Category Archives: Content Strategy

Content Crash Course is Free This Week on Amazon!

 

 

Content Crash Course: 25 Ways to Create Content Your Customers Want

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Content Crash Course: 25 Ways to Create Content Your Customers Want

I’m happy to announce that our latest ebook is now available! Content Crash Course: 25 Ways to Create Content Your Customers Want is available for your Kindle or Kindle app.

Why buy it? Well, if you are in a position where you need to create, maintain, review, or otherwise work with content, you’ll find some great tips you can use right away. The book gives you 25 in-depth tips to help you create strategic, successful content that meets the goals of your company while making your customers happy. Topics include:

-The Five Steps to Creating Great Content
-Lean Content
-Writing for the Customer
-Creating Great Content with Limited Resources
-Using Content Templates
-Selling Your Boss on the Importance of Content
-Social Media Best Practices
-Content Strategy Resources

…and much more! Check it out here.

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Five Social Media Don’ts

Photo courtesy of Muffet

Photo courtesy of Muffet

There are numerous social media no-nos being commited daily by people and organizations that should know better. Here are five mistakes I’ve been seeing frequently as of late.

1. Tweeting links to content users can’t access: The Boston Globe is a good example of this. They have enforced their paywall even for the content they promote via Twitter (which means they don’t really want you to read–they only want you to subscribe).  So users click on tweets only to be taken to a message (sometimes with a short summary of the article, sometimes not) that basically tells them to subscribe. This is  a bait and switch, and a social media FAIL. (It also needlessly costs the Globe retweets and favorites.) The Globe should look to the example of  The New York Times. When the Times promotes an article via Twitter, any of their followers can read it, whether they are subscribers or not. You can’t click around and read everything after you come to their site via social, but you can read the article that they have promoted, which is how it should be! If you for some reason absolutely must tweet subscribers-only content, at least have the courtesy to warn your followers in your tweet that the link is restricted.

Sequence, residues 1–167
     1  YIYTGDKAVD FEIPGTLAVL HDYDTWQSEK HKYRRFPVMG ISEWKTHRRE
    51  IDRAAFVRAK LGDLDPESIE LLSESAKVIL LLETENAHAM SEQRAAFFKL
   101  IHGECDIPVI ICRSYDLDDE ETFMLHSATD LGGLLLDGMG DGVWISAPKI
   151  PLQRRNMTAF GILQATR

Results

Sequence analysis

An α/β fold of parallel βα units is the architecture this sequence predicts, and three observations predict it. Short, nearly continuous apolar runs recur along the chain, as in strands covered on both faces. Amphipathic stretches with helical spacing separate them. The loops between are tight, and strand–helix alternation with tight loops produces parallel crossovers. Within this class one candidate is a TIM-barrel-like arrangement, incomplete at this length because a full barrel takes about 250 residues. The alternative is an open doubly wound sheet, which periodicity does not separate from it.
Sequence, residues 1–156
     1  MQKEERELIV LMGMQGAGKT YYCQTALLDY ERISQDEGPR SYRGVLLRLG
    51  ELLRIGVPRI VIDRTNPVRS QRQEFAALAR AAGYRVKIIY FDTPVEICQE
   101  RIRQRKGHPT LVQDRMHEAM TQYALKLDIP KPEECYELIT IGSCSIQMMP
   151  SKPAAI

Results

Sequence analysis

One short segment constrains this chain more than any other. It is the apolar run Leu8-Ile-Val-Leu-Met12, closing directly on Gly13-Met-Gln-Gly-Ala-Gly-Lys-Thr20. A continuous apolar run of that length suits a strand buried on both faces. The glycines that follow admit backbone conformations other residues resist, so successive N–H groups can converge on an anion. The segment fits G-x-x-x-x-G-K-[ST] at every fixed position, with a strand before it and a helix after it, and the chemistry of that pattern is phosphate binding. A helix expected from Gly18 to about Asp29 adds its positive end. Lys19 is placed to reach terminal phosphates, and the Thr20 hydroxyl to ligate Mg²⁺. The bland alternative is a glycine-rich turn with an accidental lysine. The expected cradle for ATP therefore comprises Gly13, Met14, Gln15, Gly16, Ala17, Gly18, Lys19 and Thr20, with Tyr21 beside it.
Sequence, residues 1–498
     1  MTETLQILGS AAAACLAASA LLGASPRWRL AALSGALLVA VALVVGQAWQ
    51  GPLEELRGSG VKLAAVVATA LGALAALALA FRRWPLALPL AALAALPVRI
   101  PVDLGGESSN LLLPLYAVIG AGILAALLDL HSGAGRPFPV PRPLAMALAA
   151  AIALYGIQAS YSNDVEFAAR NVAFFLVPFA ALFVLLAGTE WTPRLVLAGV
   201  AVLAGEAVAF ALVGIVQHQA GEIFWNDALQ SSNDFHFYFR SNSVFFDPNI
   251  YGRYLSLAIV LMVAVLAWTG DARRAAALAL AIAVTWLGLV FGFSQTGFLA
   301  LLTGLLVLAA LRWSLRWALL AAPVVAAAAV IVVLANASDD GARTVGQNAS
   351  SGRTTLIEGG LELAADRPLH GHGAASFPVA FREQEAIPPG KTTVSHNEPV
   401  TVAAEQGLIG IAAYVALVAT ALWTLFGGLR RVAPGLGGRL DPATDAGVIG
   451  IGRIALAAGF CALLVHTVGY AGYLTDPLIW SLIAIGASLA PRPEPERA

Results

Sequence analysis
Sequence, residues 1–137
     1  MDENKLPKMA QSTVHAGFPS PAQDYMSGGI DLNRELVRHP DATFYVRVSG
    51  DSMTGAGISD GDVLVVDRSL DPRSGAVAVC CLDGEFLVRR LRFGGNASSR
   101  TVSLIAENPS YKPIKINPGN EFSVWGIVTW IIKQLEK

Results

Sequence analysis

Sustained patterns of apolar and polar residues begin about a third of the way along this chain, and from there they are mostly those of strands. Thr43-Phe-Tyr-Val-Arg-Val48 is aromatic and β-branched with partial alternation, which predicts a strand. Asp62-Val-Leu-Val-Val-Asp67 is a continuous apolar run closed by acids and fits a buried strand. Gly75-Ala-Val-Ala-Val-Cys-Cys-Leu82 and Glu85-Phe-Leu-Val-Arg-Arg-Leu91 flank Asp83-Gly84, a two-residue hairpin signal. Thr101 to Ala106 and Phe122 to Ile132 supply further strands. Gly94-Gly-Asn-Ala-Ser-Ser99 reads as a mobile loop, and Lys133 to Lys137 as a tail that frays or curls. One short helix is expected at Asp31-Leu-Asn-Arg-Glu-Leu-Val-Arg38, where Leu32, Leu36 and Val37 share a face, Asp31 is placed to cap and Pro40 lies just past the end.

2. Asking for retweets. The begging for retweets has got to stop. Kellogg’s UK recently tweeted the worst kind of retweet request–one that seemed to use vulnerable people as a cause for brand promotion. But aside from that example, I see people begging others to retweet them (“Like it? Please RT!”) on every single tweet. The thing is, studies have shown that asking for retweets works. So it’s tempting. But it’s a trick that I suspect wears off, as users tire of your begging and eventually stop heeding your every demand to retweet. I follow a few business folks on Twitter who ask for a RT on every single tweet. I’m so tired of seeing it that I don’t even consider RTing them. If your content is good, followers WILL retweet. Let your work speak for itself.

3. Sharing information without checking its accuracy first. Facebook users, I’m looking at you (although other social media users are not immune). I have seen the same articles circulate on Facebook for months and years, and people mindlessly share without checking to see if they are sharing misinformation. The perfect example? This charity post that you see this time every year. It tells you not to give to Unicef, United Way, Red Cross, etc. *Some* of the information is correct, but *most* of it is not. A quick fact check is all you need. (Snopes, as shown in the previous link, is always a good start, as they’ve been investigating and collecting these posts since 1995)  Take this extra step to ensure you don’t a) share misinformation or b) make yourself look foolish.

4. Not proofreading your content, especially on LinkedIn. I belong to several groups on LinkedIn, and I can’t tell you how many times people post to groups and to their profiles without checking their spelling and grammar. And there is simply no excuse for a poorly written summary on your LinkedIn profile! Remember that potential employers are on LinkedIn, and you should always review your content with that in mind before you post.